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Oz on Film, Part Seven: The Oz Film Company's Manufacturings, Part One

Scraps (Pierre Couderc) and the Scarecrow (Herbert Glennon) pitch some woo in "The Patchwork Girl of Oz" by The Oz Film Manufacturing Company
Scraps (Pierre Couderc) and the Scarecrow (Herbert Glennon) pitch some woo in "The Patchwork Girl of Oz" by The Oz Film Manufacturing Company
Public domain image

The Patchwork Girl of Oz, released in 1914, was remarkably faithful to the book of the same title. To be sure, any changes could not be seriously challenged, since the screenwriter of the film was also the author of the book. Nearly six decades later, history was to repeat when British author Roald Dahl adapted his book Charlie and the Chocolate Factory into the 1971 film Willy Wonka and the Chocolate Factory—incorporating greater changes to that story than Baum made to his.

As in the book, Ojo (Violet MacMillan) and his Unc Nunkie (Frank Moore), nearly out of food, go to Dr. Pipt (Raymond Russell) and his wife Margolotte (Leontine Dranet) for provisions, but this time they are accompanied by a mule named Mewel (Fred Woodward). Ojo provides a secret addition of brain powder to the Pipts’ Patchwork Girl Scraps (Pierre Couderc), who springs to life and accidentally douses the doctor’s wife and Unc Nunkie with the potion that turns them to stone, only now they are joined in their petrifaction by Danx (Dick Rosson), a Munchkin engaged to the Pipts’ daughter Jesseva (Bobbie Gould).

Shrinking Danx into a statue Jesseva puts in her pocket, she, Ojo, and Scraps head out to find the ingredients to reverse the effects of the potion. Although Bungle the Glass Cat and the Living Phonograph were too difficult to create as special effects, Our Travelers do encounter the Woozy (Woodward again), who joins their party, as well as Jinjur (Marie Wayne), who takes a shine to the shrunken, petrified Danx, whom she takes for a trinket and highly desires, much to Jesseva’s displeasure.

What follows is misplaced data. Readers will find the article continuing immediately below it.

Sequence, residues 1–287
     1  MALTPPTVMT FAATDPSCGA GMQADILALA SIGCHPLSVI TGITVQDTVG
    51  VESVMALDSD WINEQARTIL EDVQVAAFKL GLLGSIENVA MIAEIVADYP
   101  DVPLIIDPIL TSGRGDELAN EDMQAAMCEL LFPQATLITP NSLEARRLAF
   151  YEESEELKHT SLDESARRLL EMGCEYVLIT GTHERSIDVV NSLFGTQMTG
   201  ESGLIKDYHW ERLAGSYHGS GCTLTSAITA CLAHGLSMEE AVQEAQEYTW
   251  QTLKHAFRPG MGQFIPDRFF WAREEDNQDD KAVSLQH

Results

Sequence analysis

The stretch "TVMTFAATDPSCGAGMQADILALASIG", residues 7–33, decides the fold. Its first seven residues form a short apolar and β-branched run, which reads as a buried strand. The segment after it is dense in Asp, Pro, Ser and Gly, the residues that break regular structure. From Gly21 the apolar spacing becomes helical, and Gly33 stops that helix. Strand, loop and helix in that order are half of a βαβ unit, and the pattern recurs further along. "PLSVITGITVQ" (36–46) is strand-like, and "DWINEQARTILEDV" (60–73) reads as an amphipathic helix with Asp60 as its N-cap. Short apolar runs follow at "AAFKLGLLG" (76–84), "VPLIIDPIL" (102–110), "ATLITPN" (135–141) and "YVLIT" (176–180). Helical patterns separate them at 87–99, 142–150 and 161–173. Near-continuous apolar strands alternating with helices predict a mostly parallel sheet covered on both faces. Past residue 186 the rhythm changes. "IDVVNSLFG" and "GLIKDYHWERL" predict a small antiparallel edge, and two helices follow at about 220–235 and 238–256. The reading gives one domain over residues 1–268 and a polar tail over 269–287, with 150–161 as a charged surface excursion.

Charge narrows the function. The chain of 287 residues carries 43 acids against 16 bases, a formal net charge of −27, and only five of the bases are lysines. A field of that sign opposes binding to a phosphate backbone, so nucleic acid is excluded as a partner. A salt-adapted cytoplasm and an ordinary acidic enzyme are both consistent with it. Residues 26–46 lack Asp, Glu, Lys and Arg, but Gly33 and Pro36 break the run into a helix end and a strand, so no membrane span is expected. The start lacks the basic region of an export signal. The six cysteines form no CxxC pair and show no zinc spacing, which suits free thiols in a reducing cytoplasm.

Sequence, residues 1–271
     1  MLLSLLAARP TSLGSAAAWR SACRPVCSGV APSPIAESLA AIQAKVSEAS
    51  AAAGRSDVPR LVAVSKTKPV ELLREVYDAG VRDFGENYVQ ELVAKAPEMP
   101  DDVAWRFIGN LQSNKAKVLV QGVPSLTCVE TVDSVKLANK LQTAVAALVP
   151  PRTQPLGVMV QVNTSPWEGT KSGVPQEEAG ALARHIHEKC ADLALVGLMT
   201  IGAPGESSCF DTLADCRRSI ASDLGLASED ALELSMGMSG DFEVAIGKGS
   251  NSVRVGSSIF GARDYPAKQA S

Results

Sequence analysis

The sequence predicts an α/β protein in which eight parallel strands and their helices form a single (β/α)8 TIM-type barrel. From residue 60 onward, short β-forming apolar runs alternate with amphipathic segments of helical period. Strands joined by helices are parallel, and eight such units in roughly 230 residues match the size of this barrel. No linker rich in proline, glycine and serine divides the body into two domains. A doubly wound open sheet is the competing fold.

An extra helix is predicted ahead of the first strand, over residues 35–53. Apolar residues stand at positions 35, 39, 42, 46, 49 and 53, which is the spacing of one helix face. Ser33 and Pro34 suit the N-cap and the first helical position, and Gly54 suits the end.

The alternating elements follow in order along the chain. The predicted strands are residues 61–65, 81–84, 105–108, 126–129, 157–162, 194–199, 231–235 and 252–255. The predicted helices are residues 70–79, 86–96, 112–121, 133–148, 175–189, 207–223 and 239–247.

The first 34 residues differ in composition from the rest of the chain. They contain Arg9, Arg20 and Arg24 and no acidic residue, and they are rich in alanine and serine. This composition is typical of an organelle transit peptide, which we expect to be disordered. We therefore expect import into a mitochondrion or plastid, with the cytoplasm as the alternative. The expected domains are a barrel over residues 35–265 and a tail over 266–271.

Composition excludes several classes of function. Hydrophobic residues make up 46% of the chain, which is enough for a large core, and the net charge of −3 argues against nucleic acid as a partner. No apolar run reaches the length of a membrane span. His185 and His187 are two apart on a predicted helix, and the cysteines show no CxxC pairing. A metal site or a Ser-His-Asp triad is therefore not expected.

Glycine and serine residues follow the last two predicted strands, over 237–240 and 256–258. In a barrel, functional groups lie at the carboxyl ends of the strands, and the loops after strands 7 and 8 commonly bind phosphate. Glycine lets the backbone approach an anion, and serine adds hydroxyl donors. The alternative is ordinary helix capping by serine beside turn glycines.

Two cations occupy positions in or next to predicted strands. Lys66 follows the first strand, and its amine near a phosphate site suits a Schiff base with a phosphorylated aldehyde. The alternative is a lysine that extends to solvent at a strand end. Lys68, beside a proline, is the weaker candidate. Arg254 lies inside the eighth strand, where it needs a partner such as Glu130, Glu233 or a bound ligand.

More romantic hi-jinks ensue soon after Ojo is taken before Ozma (Jessie May Walsh) for the crime of picking a six-leaved clover. The Scarecrow (Herbert Glennon) becomes bored with the proceedings and steps outside, where he meets Scraps—and it is love at first sight for both of them.

Further complications arise in the form of the Hoppers, a race of one-legged people (prefiguring the Dufflepuds of C.S. Lewis’s The Voyage of the Dawn Treader), and the Tottenhots. But eventually everything is settled and Unc Nunkie, Margolotte, and Danx are restored to life and their loved ones.

Oz stalwarts the Cowardly Lion (Woodward yet again), the Tin Woodman (Lon Musgrave), the Hungry Tiger (Andy Anderson), and the Wizard himself (Todd Wright) all make brief appearances in a film laden with invention, amusing sets, and excellent costumes, some looking like leftovers from The Fairylogue and Radio-Plays and the Wizard stage musical.

Though elementary by today’s standards, the special effects are good, from the stop-motion construction of Scraps to the restoration of Danx from a shrunken statue into a tall Munchkin (!). The performances are excellent, and none more so that that of Monsieur Couderc; whether acting coquettish as the Scarecrow pours out his heart to Scraps or turning effortless backflips like the weightless creature Scraps is, he steals the show.

And as the title character, he has every right to!

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